Outcomes of an extended-infusion piperacillin-tazobactam protocol implementation in a community teaching hospital adult intensive care unit

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Abstract

Objective.

The purpose of this study is to evaluate the outcome differences between patients receiving piperacillin-tazobactam pre- and post-implementation of an extended infusion dosing protocol in a community teaching hospital adult intensive care unit.

Methods.

On December 19th, 2011, extended infusion dosing of piperacillin-tazobactam was implemented at St. John’s Hospital’s intensive and cardiac care units (ICU/CCU) following IRB-approval. This is a historical case-control cohort study involving review of electronic medical charts of patients who received traditional or extended infusion therapy. Data was collected for patients that received piperacillin-tazobactam in the ICU/CCU from December 19th, 2010 through March 19th, 2011 for traditional infusion and from December 19th, 2011 through March 19th, 2012 for extended infusion. Primary endpoints were ICU/CCU mortality at discharge and length of stay.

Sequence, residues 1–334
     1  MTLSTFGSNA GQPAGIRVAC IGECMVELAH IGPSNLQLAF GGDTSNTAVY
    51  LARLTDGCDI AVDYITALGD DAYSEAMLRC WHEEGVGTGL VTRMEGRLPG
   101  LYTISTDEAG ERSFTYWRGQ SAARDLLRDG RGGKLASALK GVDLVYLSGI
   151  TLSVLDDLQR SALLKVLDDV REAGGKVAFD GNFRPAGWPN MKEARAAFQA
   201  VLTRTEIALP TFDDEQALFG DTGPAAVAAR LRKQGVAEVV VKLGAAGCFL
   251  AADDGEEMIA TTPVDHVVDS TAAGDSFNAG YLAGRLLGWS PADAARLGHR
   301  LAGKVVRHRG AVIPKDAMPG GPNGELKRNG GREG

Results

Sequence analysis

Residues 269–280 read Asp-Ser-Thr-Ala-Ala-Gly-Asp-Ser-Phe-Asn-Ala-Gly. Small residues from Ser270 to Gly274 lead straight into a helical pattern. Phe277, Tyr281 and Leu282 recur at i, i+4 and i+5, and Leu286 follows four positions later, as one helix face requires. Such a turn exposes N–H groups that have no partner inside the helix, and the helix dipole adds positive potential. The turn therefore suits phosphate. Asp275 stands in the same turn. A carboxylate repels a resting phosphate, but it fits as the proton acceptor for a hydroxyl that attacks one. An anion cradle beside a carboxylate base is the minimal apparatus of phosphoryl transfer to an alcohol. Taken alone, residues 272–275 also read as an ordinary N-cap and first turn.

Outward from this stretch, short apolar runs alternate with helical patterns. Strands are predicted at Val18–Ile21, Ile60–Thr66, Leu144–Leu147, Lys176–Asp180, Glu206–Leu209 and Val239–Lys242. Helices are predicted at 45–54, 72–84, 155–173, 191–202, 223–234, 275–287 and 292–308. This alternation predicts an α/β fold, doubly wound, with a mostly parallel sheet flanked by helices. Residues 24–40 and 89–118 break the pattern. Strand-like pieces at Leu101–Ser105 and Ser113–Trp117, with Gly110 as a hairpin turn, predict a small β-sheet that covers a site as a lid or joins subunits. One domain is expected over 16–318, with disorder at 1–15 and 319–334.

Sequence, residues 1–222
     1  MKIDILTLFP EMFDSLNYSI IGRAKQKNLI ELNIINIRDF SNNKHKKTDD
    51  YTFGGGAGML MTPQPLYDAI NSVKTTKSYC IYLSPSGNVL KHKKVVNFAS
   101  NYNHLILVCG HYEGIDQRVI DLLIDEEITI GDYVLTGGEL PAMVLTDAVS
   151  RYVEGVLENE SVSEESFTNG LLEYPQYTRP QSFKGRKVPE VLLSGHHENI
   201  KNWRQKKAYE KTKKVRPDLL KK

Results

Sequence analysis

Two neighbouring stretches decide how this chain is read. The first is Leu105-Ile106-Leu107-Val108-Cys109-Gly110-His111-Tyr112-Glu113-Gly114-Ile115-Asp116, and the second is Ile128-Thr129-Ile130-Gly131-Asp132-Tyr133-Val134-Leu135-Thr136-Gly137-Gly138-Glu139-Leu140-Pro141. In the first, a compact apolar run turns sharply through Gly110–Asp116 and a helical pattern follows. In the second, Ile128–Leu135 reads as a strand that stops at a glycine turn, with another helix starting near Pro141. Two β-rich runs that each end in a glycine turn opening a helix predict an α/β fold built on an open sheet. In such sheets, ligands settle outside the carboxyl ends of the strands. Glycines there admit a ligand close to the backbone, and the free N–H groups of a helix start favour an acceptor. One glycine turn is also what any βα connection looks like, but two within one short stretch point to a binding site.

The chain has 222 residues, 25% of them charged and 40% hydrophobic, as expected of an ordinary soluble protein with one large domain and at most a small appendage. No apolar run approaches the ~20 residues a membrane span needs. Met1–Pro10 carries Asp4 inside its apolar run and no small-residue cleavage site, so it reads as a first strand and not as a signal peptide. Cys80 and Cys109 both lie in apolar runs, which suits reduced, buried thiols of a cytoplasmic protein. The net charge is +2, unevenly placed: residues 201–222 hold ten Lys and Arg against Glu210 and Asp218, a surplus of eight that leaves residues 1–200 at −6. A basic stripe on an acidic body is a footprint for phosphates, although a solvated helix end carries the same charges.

Results.

The study included 113 patients with 52 in the traditional-infusion group and 61 extended-infusion group. There was no statistically significant difference in the primary end-point of ICU/CCU mortality between the two groups (14.8% vs. 21.1%; p = 0.374). In the extended infusion group, there was a shorter length of ICU and CCU stay (8.32 vs. 12.06 days; p = 0.025) and shorter length of hospital stay (11.32 vs. 19.7 days; p = 0.006). The extended-infusion group showed a decrease in cost of therapy that was statistically significant ($120.21 vs. $155.17; p = 0.035). Adverse drug effects did not differ between the two study groups.

Conclusion.

This study showed that treatment with extended-infusion piperacillin-tazobactam therapy improved patient outcomes while maintaining patient safety and decreasing costs.

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